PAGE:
and a lot of other people and groups fed on this belief/act of faith.
Black Bear, the commune that Don has written about, shared this faith as
did the folks at Total Loss Farm, the commune that I helped start. (An
aside to Bill Mandell, the communal movement was a seamless part of the
broader left. It included a spectrum of people from new age spiritual
anti-activist drop-outs to people who very sympathetic to the Weather
So the Weather people weren't alone in their analysis but they acted in a
vanguardist way. Though they had little support within the movement, they
were so full of the conceit of themselves as revolutionaries that they
dismissed the activists who wouldn't follow their path as cop-outs and
worst. And their path, what distinguished them from the rest of the left,
was their cavalier approach to violence.
In short, at the very time when the movement was becoming majoritarian,
many of the leading activists (within the Weather and in other groups)
created a standard of activism that very few people (being more
clear-headed) were willing to embrace. They also gave Nixon a rationale for
coming down hard on the movement, something he wanted to do anyway, but the
Weather gave him an excuse.
The Weatherpeople guessed that Nixon's repression would radicalize
everyone. But people don't often get radicalized by the policemen's club.
They get angry and scared, but radicalism is a much deeper way of being.
Nixon's repression destroyed the left. In comparison with real fascism, it
was pretty petty (except to the small number who died or had their lives
ruined by the government's hand). We simply collapsed. Simply put, we were
not in a revolutionary situation and most of us who thought we were
revolutionaries were living in a fantasy, a result, in part, of youth and
inexperience, but strengthened, in part I believe, by promiscuous use of
psychedelic drugs (esp. LSD).
What was the alternative? The tough choice in '68, in retrospect, would
have been to vote for the horrible Humphrey. (This is Monday morning
quarterbacking. I think I voted for Eldridge Cleaver in 68 (a man with even
less character and, when push came to shove, worse politics than even
Hubert Humphrey), that's how ridiculous our politics were in the heat of
the struggle. Yet, the election was close and with the movement's critical
and token support, HHH would have won. This was not a matter of voting for
the lesser of two evils, this was a matter of making an unpopular but
Had Humphrey, as President, continued the war, he would have destroyed his
party, his base, and finally radicalized many of those liberals who were at
the edge. LBJ understood what the war was doing to the Democrats and that's
why he resigned. HHH would have also been a sympathetic voice, though not a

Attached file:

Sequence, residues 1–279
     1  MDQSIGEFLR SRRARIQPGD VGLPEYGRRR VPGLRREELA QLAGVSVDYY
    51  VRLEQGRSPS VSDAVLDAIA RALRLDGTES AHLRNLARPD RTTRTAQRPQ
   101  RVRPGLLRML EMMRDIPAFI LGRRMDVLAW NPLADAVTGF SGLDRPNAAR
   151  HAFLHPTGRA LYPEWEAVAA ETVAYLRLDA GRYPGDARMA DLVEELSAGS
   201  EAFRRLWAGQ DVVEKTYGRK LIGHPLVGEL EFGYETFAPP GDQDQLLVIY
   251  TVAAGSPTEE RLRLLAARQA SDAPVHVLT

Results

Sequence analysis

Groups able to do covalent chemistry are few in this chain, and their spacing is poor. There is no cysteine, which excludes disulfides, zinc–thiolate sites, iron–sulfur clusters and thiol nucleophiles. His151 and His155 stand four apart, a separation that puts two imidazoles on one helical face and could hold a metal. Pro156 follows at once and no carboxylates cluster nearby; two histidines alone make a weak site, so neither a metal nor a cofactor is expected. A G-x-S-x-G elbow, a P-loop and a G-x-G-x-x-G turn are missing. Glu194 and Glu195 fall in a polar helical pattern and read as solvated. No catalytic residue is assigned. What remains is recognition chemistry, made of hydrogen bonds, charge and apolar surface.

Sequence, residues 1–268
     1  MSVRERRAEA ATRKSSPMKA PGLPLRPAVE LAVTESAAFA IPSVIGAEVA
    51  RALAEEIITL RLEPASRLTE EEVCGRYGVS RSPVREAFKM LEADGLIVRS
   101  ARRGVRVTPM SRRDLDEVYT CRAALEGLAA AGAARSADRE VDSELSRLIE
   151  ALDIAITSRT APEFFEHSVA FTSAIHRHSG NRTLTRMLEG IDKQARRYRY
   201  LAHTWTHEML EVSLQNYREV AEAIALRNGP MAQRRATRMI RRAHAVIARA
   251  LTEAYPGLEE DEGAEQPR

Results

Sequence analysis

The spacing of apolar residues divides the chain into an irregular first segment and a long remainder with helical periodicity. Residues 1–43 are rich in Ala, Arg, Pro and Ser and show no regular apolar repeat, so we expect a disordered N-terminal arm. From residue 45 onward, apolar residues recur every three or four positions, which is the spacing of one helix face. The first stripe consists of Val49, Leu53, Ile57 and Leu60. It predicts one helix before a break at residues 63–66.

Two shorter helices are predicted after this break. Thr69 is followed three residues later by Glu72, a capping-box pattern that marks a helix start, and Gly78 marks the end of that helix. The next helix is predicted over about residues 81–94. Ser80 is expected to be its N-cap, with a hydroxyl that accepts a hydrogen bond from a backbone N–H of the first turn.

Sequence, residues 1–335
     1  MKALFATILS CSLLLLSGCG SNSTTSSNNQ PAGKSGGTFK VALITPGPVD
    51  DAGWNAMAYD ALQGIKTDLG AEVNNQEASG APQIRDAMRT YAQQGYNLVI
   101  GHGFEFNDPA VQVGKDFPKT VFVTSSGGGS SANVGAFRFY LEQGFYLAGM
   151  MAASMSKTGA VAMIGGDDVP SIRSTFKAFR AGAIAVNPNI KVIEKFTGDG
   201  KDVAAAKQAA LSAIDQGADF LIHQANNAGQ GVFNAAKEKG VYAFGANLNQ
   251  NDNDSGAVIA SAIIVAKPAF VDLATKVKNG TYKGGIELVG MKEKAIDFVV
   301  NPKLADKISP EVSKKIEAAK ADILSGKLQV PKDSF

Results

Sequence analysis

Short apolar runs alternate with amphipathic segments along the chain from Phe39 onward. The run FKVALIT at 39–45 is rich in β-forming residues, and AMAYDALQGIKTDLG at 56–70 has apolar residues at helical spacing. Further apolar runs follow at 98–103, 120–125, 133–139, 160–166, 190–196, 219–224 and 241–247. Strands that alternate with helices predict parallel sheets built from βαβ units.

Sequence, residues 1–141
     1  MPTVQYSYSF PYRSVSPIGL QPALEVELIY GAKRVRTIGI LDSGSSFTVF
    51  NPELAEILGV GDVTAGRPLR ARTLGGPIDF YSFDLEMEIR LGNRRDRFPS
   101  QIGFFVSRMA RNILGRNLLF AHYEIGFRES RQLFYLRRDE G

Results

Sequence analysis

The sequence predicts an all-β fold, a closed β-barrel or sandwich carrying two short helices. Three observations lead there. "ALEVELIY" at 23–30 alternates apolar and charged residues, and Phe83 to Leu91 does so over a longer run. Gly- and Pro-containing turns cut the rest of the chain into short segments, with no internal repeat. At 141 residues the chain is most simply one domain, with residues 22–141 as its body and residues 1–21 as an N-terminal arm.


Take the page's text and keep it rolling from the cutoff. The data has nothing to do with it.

radical one, on civil rights. He would not have been able to suppress the
black movement, cause to do would, like continuing the war, have destroyed
the Democratic Party, something that HHH, hack that he was, was not
prepared to do. No matter what Humphrey wanted to do he was constrained as
to what he could do. Meanwhile, the countercultural stuff: feminism, gay
liberation, alternative lifestyles, back-to-the-land, etc. would have
continued to make progress (no matter who was in power). As for the war,
Humphrey would have negotiated the same kind of settlement that Nixon
negotiated a few years later. A lot of people died and a huge part of
Vietnam was destroyed in that interim. Had Humphrey gotten a negotiated
settlement in 68 or 69 (which LBJ had pretty much negotiated in his final
days, only the prospect of a Nixon victory enabled the South to successful
stall) there would have been no invasion of Cambodia and, probably, no Pol
I lay out the details of this interpretation in my book ABBIE HOFFMAN:
AMERICAN REBEL. I loved Abbie back then and consider him one of the
bravest and most innovative people of the sixties (and also the funniest!)
. But in the events leading up to Chicago and in its aftermath he, like the
Weather people and many many others, took a dangerous and destructive turn
that destroyed the possibility of a meaningful shift to the left in
American politics. (And those who wanted "the revolution" would still have
been able to organize and would not have been so easily repressed).
I'm not suggesting personal blame or personal guilt. We didn't kill
millions of Vietnamese. Our government did. We were products of our time
and experience and did our best. But we (meaning not just Weather people,
but all of us who got caught up in revolutionary fantasy) blew it. And it's
not trashing the sixties to acknowledge and discuss our mistakes.
That's what I mean, Don.
-- Marty Jezer * 22 Prospect St. * Brattleboro, VT 05301 * p/f 802 257-5644
Author: Stuttering: A Life Bound Up in Words (Basic Books) Abbie Hoffman: American Rebel (Rutgers University Press) The Dark Ages: Life in the USA, 1945-1960 (South End Press) Rachel Carson [American Women of Achievement Series] (Chelsea House) Check out my web page: http://www.sover.net/~mjez To subscribe to my Friday commentary, simply request to be put on my mailing list. It's free!